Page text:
Friday, October 18, 2013

Where and When Does Genre Matter

In the age of the dinosaurs, when I was in college getting that eminently useful BFA in acting, we were given an assignment to write some scenes for class. The professor PILED on rules and restrictions and expectations until most of the class started squealing.  A demented grin split his grizzled white beard. "It's easier to create inside the stricture of a box than without any constraints at all," he said.

That, to me, is the definition of genre - it's a construct meant to make it easier to create, and subsequently to sell that creation. Fine. That doesn't mean that genre isn't without limitations. By definition. *Glancing at the time travel/steam punk thing staring at me from this hard drive.*

This week, you've seen arguments both for and against genre. I'm not going to pile on. I'm simply going to note that genre only matters based on where and to whom you prefer to sell a story.

Traditional publishing houses have a tendency to stick pretty tightly to genre definitions. That's a distinct marketing choice these houses have made. If you can get all the Word Whores into the same room at the same time, ask us how many of us have had rejections with some variation on the 'we don't know how to sell this' theme. That's the typical response from the big NYC publishers to stories that aren't CLEARLY one genre over another. That being said, gross generalizations always have exceptions to prove the rule and unless someone had been willing to take a chance on a story they couldn't easily classify either as fantasy or as romance, there'd be no paranormal romance. So if you dream of selling to one of the Big Six (or however many there actually are now), your best bet is to stick to genre.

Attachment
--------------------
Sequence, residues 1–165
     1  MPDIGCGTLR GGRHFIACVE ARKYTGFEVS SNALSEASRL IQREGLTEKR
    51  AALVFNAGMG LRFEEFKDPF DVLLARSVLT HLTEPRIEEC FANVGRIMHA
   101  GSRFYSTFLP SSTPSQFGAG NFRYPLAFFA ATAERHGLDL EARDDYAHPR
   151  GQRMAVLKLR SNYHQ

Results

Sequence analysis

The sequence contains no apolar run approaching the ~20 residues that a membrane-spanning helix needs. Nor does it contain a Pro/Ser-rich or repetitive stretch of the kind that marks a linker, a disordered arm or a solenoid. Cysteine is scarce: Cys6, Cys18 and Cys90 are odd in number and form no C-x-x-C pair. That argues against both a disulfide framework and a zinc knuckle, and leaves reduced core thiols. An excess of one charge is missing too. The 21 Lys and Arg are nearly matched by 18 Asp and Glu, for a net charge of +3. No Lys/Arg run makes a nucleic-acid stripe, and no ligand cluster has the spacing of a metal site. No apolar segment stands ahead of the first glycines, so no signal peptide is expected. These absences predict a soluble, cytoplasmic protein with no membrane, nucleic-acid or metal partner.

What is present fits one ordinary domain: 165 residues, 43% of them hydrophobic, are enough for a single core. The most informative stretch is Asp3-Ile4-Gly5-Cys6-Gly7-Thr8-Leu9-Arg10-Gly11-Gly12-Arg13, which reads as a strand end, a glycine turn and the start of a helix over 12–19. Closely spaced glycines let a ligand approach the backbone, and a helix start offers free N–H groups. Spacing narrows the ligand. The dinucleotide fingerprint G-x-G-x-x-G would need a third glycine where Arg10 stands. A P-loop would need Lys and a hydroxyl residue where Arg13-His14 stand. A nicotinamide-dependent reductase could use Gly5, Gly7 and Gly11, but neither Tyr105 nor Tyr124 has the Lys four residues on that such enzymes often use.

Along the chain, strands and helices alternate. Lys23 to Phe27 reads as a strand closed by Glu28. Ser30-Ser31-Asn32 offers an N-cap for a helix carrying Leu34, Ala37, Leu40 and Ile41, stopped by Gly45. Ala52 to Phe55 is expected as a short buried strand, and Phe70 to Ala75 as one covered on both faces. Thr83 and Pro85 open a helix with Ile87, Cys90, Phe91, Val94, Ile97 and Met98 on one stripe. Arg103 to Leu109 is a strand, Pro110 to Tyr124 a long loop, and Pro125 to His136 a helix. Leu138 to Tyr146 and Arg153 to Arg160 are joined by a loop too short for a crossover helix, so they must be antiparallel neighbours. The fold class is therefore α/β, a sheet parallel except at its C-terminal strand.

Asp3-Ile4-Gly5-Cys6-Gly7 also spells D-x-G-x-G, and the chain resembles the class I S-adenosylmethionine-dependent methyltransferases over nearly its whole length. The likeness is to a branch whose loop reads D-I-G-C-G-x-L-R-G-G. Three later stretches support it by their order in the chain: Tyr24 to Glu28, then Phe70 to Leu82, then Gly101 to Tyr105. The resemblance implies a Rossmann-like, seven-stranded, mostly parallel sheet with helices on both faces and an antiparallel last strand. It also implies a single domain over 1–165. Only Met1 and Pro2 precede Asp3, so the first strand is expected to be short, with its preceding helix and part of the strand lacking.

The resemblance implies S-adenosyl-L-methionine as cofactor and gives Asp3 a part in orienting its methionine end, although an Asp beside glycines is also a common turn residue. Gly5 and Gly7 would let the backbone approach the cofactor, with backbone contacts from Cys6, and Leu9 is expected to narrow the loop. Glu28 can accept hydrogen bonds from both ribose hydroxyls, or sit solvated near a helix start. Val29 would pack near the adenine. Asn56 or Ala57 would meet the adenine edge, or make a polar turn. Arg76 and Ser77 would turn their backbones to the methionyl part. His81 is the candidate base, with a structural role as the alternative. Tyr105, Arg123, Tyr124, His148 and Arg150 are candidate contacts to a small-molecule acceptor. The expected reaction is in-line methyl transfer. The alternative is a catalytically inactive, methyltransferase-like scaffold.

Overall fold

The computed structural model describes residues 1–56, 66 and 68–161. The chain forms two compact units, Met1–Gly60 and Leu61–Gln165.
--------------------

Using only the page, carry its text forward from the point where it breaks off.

If your heart shrivels at the first hint of a rule about what elements belong in a story, you'll be happier subbing to small presses, e-first, e-only and indie presses. They seem less wed to strict genre categories. Your dystopian paranormal Inspirational (I dare you KAK! :D I'd totally read that if you wrote it.) would find a much warmer reception here. Go to any writerly conference and you'll hear editors from the NYC publishers say, "the small presses can take more and bigger risks." It seems to mean that crossover stories, or novels with many elements, aren't the hard sell in smaller presses than in larger, more codified ones. Happily, what we also seem to be discovering is that readers are less wed to genre definitions than the marketing teams at the Big Six have believed. Absolutely, readers want to be able to sort on things like 'romance' or 'fantasy', but clearly, few of them are going to freak out if there's a little of each in a single story.

I suspect that genre matters a whole bunch early in a writing career - you know - from the standpoint of "You have to understand the rules before you start breaking them." But once you've mastered the finer points of your chosen genre, why shouldn't you branch out a bit if that's what makes your heart sing?

For my part, I like genre because it's what I like reading. I seem to have a voice that shines in one genre above the others I've tried. Sure I write in other genres. In part because my current contract says I have to...but also because of what Linda said - keep stretching. You'll never know what you can do until you run right up against what you can't. But that doesn't mean I don't want a nice, safe writing home to go to from time to time.

So long as it's not a box I've stuck myself into to stagnate.

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